What FEMA and the Fed Have in Common
I was in the National Press Club lobby this afternoon when the news broke that the House had failed to pass the bail-out package. I sat there staring at the wall of TV monitors with a group of stunned reporters, no one sure what to do next. One screen showed the Congressional vote tally going up; the one next to it showed the Dow going down, down, down.
Despite the sense of foreboding in my office here in DC, I am still not convinced the bail-out package was the right response. The whole thing reminds me too much of how we deal with other disasters in this country: we encourage people to take enormous risks by, say, living without meaningfully priced insurance in places like Florida, and then we bail (some of) them out with disaster relief after catastrophe strikes.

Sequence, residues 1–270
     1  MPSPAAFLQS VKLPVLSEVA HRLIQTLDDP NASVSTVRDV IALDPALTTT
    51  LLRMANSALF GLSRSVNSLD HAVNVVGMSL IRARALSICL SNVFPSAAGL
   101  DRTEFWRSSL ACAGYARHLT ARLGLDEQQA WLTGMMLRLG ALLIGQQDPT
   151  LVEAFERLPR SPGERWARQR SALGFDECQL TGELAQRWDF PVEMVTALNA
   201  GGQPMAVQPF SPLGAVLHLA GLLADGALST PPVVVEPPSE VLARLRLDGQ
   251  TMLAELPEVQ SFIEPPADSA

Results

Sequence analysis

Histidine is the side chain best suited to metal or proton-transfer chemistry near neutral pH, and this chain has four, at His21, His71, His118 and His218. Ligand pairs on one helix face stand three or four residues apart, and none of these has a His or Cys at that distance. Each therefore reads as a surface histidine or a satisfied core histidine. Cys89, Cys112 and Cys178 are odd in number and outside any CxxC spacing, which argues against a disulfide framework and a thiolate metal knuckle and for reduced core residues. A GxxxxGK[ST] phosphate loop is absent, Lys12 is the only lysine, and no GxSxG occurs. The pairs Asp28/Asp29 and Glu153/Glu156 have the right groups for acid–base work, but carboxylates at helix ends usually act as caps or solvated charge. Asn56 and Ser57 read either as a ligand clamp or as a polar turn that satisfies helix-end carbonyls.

I don’t pretend to have the solution, but I am struck by the question posed by Luigi Zingales, an economist at the University of Chicago:
Do we want to live in a system where profits are private, but losses are socialized? Where taxpayer money is used to prop up failed firms? Or do we want to live in a system where people are held responsible for their decisions, where imprudent behavior is penalized and prudent behavior rewarded?
The question is, can we hold people responsible for reckless behavior while not penalizing the rest of the country at the same time? Can we have accountability without a depression?